There are two things that are certain in life. One is that death will come for every one of us. The other is that every film Michael Haneke makes will have a fair shot at the Cannes Palme d’Or. Amour, Haneke’s much-garlanded latest, is set almost entirely within a well-appointed Paris apartment, amid the cathedral hush that is the director’s preferred working condition. As ever, Haneke shoots in a style that is reserved and restrained—in a word, “cold.” Although it is in color, I remember Amour in black-and-white.
Endemic to Haneke’s dry, ratchet-turning movies is the anticipation of an Inevitable Awful Event—let us call it the “IAE”—an event in which the incipient horror of the human condition pops out from behind the veneer of civilization, an event that the veteran Haneke viewer understands, upon going in, is part of the contract. The IAE breaks the brittle surface of Haneke’s style, and the bracing plunge after the crack of the ice delivers a harsh lesson. His pedantic, castigating filmmaking is a vehicle for these lessons, which have never yet confirmed man’s high opinion of himself. The unit of the shot or the scene is rarely a source of pleasure or pain or conflict or resolution or beauty or individual life, only a flat and neutral plane against which the harsh truth can stand out all the more starkly.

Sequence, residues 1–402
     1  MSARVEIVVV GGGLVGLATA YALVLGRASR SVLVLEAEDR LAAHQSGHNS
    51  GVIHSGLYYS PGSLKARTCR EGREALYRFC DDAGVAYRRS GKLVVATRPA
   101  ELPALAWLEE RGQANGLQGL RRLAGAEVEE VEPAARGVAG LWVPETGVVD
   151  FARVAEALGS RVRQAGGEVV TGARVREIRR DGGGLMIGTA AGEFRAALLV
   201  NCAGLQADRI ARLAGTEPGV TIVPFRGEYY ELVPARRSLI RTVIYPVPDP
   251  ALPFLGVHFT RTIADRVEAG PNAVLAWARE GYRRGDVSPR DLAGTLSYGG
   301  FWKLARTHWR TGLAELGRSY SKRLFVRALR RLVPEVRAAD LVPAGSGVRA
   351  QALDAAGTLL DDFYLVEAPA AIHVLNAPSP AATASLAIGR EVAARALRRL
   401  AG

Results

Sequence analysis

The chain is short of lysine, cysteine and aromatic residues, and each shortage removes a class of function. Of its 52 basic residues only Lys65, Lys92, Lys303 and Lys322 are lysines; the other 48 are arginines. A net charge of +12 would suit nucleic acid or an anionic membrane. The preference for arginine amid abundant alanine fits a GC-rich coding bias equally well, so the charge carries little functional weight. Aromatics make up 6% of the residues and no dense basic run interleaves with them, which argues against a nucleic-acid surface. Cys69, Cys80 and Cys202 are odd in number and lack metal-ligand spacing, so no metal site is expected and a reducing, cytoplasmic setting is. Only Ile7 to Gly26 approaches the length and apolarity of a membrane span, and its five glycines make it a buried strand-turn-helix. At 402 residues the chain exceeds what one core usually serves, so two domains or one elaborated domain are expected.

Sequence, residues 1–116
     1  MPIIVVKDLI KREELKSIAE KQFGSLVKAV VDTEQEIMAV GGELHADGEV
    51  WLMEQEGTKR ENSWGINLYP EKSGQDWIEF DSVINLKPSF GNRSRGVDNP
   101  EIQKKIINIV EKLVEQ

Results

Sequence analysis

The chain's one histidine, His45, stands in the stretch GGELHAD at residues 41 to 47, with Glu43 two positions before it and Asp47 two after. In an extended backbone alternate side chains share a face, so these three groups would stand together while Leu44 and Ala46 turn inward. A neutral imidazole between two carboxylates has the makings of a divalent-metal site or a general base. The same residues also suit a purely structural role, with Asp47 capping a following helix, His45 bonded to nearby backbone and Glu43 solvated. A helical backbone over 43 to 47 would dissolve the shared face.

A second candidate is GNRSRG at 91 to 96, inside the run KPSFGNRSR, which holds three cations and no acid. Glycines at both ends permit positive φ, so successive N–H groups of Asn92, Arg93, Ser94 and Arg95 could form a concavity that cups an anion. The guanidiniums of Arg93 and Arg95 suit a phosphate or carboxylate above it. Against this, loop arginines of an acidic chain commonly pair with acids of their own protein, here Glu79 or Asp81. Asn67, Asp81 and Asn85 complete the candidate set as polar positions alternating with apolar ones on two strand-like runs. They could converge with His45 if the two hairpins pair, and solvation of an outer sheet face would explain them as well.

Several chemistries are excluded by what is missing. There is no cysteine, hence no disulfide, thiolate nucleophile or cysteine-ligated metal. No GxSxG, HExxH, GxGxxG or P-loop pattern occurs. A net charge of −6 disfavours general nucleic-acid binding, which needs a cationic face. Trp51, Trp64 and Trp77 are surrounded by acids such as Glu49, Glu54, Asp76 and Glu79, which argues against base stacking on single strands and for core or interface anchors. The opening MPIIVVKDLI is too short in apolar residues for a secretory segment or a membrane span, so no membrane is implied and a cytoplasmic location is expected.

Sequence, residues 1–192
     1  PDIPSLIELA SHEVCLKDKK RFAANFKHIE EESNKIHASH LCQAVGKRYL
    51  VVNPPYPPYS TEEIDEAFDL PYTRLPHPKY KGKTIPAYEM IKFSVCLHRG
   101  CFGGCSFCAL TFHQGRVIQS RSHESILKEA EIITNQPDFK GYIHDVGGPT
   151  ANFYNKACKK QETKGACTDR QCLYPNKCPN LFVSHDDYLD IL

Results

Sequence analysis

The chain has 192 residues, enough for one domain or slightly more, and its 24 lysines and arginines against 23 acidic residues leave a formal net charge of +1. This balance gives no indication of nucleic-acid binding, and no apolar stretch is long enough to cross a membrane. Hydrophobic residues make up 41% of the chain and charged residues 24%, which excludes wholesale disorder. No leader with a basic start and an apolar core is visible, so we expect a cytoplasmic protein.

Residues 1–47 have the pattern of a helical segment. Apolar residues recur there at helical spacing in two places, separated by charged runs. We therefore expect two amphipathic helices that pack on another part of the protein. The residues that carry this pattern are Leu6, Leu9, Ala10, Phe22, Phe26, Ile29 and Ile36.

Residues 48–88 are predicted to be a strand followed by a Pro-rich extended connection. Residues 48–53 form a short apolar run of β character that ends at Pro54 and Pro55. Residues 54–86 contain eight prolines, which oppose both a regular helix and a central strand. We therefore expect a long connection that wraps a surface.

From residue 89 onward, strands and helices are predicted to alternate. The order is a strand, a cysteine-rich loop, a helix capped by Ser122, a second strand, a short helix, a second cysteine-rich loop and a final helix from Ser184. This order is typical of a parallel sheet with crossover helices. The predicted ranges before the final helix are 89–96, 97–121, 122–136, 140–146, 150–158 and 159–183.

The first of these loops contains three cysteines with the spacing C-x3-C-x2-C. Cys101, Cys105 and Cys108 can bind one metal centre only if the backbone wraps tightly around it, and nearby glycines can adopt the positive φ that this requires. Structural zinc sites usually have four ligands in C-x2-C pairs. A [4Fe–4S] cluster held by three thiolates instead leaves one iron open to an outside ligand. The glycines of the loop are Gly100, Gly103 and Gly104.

With Amour, Haneke places his IAE out front. The police burst into a locked apartment and discover a corpse—skin purplish-white and crumply like parchment, neatly laid out on a bed—that appears underneath the film’s title.
After this opening, which leaves little doubt as to what’s in store, we’re introduced to an elderly couple, Georges and Anne. She looks familiar; so does their bedroom. But for now, they are happy, returning home from a piano concert to their bastion of civilized mutual contentment. (There is a vague threat from the outside world—someone has recently tried to jimmy their front door.) As with the couple playing a guessing game with opera CDs at the beginning of Haneke’s 1997 Funny Games, Georges and Anne’s natural environment is the world of high culture; she is identified as a former piano teacher, like Isabelle Huppert in, well, The Piano Teacher, and Huppert appears here in a supporting role as the couple’s middle-aged daughter. Furthering the sense of continuity, this Georges and Anne are the latest link in a chain of Georgs/Georges and Annas/Annes who have run through Haneke’s filmography, as Claude Chabrol rearranged the triumvirate figures of Hélène, Paul, and Charles through his work of the late ’60s and ’70s.